Etymology
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darn (v.)

"to mend (fabric) by interweaving yarn or thread to fill a rent or hole," c. 1600, of unknown origin. Perhaps from French darner "mend," from darne "a piece, a slice," from Breton darn "piece, fragment, part." Alternative etymology is from obsolete dern "secret, hidden." Related: Darned; darning.

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polymer (n.)

a substance built from a large number of simple molecules of the same kind, 1855, probably from German Polymere (Berzelius, 1830), from Greek polymeres "having many parts," from polys "many" (from PIE root *pele- (1) "to fill") + meros "part" (from PIE root *(s)mer- (2) "to get a share of something").

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pall (v.)

"become tiresome or insipid," 1700, a surviving transferred or figurative sense from the earlier meaning "become faint, fail in strength," from Middle English pallen (late 14c.), which is apparently [OED] a shortened form of appallen "to dismay, fill with horror or disgust" (see appall). Related: Palled; palling.

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line (v.1)
"to cover the inner side of" (clothes, garments, etc.), late 14c., from Old English lin "linen cloth" (see linen). Linen was frequently used in the Middle Ages as a second layer of material on the inner side of a garment. Hence, by extension, "to fill the insides of" (1510s). Related: Lined; lining.
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pep (n.)

"vigor, energy," 1912, shortened form of pepper (n.), which was used in the figurative sense of "spirit, energy" from at least 1847. Pep rally "meeting to inspire enthusiasm" is attested from 1915; pep talk is from 1926. To pep (something) up "fill or inspire with vigor or energy" is from 1925.

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polymorphous (adj.)

"having or exhibiting many or various forms," 1785, from Greek polymorphos "multiform, of many forms, manifold," from polys "many" (from PIE root *pele- (1) "to fill") + morphē "shape, form," a word of uncertain etymology. Especially of insects: "undergoing a series of marked changes during development." Related: Polymorphic; polymorphously; polymorphousness.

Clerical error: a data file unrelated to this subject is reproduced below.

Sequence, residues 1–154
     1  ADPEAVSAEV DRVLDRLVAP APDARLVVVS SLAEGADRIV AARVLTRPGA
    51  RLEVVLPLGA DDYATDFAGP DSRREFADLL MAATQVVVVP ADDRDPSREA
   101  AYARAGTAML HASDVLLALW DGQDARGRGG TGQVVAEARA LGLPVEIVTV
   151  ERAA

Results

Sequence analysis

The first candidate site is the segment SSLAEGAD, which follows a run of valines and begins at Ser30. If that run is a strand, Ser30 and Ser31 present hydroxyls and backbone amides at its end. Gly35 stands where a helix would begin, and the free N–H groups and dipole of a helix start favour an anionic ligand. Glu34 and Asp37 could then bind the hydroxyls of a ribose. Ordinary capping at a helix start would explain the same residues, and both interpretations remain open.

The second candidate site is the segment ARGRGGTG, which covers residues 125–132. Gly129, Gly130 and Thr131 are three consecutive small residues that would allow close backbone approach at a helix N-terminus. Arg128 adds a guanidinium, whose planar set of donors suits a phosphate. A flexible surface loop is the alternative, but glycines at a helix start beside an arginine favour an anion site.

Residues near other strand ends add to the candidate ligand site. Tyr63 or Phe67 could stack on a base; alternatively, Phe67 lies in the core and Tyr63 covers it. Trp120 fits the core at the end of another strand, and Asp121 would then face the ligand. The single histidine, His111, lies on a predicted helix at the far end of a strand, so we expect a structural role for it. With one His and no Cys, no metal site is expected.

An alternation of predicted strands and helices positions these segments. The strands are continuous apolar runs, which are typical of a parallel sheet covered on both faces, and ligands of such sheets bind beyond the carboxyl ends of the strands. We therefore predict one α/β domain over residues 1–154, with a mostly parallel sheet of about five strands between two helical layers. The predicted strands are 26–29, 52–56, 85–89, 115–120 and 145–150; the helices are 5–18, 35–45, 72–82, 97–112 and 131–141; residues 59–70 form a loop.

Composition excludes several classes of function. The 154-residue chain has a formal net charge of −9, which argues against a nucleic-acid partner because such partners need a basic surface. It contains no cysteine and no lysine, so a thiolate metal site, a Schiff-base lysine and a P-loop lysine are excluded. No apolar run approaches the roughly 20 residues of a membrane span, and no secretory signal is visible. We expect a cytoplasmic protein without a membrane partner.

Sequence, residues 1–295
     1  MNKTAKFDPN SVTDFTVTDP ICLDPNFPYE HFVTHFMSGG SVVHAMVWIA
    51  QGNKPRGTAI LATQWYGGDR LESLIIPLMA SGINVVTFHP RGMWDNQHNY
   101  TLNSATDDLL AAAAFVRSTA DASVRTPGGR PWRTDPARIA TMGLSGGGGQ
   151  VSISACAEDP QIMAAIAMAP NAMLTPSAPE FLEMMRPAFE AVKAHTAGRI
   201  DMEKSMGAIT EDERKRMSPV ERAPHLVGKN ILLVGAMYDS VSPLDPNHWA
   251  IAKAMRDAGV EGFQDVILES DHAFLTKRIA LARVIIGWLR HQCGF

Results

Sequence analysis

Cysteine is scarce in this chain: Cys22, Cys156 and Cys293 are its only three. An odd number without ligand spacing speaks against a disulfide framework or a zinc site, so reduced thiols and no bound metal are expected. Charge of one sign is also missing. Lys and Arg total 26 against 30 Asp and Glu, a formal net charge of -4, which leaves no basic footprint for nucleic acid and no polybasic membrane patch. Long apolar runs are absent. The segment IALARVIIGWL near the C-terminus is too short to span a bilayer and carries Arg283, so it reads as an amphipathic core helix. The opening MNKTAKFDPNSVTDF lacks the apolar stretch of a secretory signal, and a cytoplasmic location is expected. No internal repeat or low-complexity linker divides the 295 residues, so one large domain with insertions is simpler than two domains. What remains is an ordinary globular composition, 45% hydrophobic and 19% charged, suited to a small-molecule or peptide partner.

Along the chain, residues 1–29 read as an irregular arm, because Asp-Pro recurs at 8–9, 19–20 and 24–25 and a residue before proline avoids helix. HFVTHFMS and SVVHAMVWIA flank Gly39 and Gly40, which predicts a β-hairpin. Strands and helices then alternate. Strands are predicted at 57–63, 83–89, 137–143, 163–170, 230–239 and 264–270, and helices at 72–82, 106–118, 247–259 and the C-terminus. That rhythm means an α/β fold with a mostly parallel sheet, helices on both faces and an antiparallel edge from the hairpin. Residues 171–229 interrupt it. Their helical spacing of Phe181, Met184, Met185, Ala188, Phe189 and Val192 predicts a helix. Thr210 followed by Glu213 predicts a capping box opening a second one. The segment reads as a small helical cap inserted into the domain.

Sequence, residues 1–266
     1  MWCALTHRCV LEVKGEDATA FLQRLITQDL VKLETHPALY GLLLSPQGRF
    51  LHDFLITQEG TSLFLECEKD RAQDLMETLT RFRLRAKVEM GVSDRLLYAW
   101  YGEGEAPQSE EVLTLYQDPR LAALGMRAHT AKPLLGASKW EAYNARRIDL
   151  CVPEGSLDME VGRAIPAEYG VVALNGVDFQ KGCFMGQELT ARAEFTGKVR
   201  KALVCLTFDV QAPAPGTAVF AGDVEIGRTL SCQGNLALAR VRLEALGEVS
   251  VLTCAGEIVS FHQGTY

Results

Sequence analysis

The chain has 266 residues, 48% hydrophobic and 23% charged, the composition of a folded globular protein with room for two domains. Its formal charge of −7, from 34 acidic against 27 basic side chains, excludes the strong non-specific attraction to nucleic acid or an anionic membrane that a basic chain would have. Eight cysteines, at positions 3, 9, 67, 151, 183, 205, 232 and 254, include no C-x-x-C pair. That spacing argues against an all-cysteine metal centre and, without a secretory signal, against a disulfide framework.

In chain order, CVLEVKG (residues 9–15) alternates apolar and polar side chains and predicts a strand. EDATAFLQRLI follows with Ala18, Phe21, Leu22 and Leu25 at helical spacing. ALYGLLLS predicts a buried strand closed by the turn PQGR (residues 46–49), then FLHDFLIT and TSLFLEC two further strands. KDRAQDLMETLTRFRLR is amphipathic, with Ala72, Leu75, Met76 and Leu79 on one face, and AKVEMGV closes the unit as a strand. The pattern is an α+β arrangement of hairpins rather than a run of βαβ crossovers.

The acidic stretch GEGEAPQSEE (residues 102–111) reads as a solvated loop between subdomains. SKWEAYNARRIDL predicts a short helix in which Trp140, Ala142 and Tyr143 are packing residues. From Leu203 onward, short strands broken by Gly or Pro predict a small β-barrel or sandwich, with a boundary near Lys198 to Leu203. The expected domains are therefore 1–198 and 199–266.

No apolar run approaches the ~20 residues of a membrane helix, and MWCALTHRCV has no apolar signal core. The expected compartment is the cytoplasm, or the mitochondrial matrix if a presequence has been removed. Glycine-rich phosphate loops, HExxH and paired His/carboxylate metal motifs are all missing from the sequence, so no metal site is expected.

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suffuse (v.)

"to overspread," as with a fluid or tincture, "fill or cover," as with something fluid, 1580s, from Latin suffusus, past participle of suffundere "overspread, pour beneath, pour upon," from sub "under" (see sub-) + fundere "to pour" (from nasalized form of PIE root *gheu- "to pour"). Related: Suffused; suffusing.

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tear (v.2)
early 15c., "shed tears," 1650s, "fill with tears" mainly in American English, from tear (n.1). Related: Teared; tearing. Old English verb tæherian, tearian "to weep" did not survive into Middle English.
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polysemy (n.)

"fact of having multiple meanings," 1900, from French polysémie (1897), from Medieval Latin polysemus, from Greek polysemos "of many senses or meanings," from polys "many" (from PIE root *pele- (1) "to fill") + sēma "sign" (see semantic). Related: Polysemic.

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spite (v.)
c. 1400, "dislike, regard with ill will," from spite (n.). Meaning "treat maliciously" is from 1590s (as in "cut off (one's) nose to spite (one's) face"); earlier "fill with vexation, offend" (1560s). Related: Spited; spiting.
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